Utilizing the unique intermediate diffuser screen structure of DLP® technology, it is possible to design HUDs that can withstand the thermal loads generated by the amplification of sunlight. As shown in Figure 3, a DLP-based HUD can project an image onto a diffuser screen, which is then magnified and projected onto the windshield by the HUD optics for presentation in the driver’s line of sight. In a TFT HUD, the TFT panel is connected to the HUD optics, replacing the diffuser screen and auxiliary electronics.


Figure 3: Example of HUD architecture based on DLP technology

To better understand why diffuser screens are advantageous, let’s take a look at the physical properties of diffuser screens versus conventional TFT panels (Figure 4). The two main advantages that diffuser screens have is that they can operate at higher temperatures, and it is even more important that diffuser screens do not absorb much of the solar incident visible spectrum. (spectral infrared[IR]and UV[UV]Sections are easily filtered. )


Figure 4: TFT and Diffuser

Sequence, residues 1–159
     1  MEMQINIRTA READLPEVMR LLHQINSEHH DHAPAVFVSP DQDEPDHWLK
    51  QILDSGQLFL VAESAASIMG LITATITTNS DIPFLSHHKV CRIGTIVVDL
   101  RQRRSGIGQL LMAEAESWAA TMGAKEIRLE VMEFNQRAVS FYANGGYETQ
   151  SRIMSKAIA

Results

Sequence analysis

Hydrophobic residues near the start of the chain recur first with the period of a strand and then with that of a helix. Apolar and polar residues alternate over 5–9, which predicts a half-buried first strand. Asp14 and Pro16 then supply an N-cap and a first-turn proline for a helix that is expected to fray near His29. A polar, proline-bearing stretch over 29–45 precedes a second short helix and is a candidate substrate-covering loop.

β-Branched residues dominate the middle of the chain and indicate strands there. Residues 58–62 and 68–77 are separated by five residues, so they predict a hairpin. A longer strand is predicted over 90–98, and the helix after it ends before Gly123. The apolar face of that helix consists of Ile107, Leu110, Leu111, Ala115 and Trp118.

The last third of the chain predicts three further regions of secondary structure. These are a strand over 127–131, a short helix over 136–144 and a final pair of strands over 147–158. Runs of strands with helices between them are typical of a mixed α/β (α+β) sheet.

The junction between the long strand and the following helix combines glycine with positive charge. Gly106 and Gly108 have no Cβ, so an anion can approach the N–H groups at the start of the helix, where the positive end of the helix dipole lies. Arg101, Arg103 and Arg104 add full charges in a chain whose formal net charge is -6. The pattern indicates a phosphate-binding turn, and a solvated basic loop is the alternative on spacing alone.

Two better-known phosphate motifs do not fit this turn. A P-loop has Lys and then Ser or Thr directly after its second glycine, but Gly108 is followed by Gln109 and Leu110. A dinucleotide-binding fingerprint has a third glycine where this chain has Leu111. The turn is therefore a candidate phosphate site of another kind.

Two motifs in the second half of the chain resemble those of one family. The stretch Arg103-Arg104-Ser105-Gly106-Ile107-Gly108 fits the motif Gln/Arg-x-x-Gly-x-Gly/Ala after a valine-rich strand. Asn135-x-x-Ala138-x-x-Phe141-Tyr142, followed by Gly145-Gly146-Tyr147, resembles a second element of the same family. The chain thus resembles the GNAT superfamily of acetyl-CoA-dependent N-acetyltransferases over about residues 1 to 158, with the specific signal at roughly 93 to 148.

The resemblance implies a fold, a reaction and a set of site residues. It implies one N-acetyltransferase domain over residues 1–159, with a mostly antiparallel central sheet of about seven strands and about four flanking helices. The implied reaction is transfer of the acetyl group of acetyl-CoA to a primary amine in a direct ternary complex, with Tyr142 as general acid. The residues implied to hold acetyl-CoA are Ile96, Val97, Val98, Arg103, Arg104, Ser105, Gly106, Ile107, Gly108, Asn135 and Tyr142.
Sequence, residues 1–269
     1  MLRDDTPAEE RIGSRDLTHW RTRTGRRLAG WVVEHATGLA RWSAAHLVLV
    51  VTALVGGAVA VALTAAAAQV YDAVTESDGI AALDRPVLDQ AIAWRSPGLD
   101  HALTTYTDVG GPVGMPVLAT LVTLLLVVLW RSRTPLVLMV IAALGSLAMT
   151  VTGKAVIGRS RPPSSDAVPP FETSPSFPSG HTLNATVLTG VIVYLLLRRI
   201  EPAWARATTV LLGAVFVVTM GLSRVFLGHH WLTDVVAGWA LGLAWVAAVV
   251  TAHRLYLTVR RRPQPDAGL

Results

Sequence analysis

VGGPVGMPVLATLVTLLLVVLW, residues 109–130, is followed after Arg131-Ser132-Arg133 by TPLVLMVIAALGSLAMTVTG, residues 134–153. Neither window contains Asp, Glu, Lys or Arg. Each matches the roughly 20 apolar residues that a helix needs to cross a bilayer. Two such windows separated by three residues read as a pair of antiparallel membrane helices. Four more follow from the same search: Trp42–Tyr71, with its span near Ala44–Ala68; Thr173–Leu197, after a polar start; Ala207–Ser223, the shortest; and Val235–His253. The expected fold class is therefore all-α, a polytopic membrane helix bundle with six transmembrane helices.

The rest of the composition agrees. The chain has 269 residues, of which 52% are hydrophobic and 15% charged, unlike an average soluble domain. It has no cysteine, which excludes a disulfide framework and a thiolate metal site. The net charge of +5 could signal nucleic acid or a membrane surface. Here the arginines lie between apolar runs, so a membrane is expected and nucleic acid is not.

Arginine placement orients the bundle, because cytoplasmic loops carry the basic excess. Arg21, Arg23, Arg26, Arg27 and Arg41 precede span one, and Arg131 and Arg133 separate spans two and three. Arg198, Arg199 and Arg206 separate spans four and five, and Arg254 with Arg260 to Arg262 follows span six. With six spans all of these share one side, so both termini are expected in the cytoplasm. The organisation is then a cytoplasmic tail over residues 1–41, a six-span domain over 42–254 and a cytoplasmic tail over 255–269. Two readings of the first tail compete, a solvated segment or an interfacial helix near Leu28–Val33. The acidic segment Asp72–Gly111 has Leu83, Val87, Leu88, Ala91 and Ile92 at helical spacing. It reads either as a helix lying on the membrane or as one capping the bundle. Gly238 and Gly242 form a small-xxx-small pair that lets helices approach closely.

The incident solar load is focused onto the diffuser by the HUD optics, just as it is for TFT panels. In the diffuser, however, the transmitted light is actually spread out, eliminating the amplification effect of the HUD optics, and thus making it easier to deal with thermal loads. With a TFT panel, solar energy is absorbed and the panel’s operating temperature can easily be raised above the maximum rating. It is the benefits of this solar load, along with its superior brightness, contrast ratio and color gamut, that enable automakers and Tier 1 suppliers to design and launch next-generation AR HUDs.

By Mike Firth, Texas Instruments

Augmented Reality (AR) Head-Up Displays (HUDs) are a major new invention in the automotive industry. Today, the technology has attracted the attention of automakers and Tier 1 suppliers, and has entered the stage of active development of AR windshield HUDs.

A true AR display requires a wide field of view (FOV) of at least 10 degrees and a virtual image distance (VID) of 7.5 meters or more. FOV represents the display size in degrees, while VID represents the distance over which the image is projected. In a car HUD, the VID represents how far the image appears on the road.

The idea behind AR technology is to superimpose digital information on top of the real world, enhancing the driver’s understanding of the current situation and improving their driving experience. The larger the FOV, the longer the virtual image distance, and the better the display effect.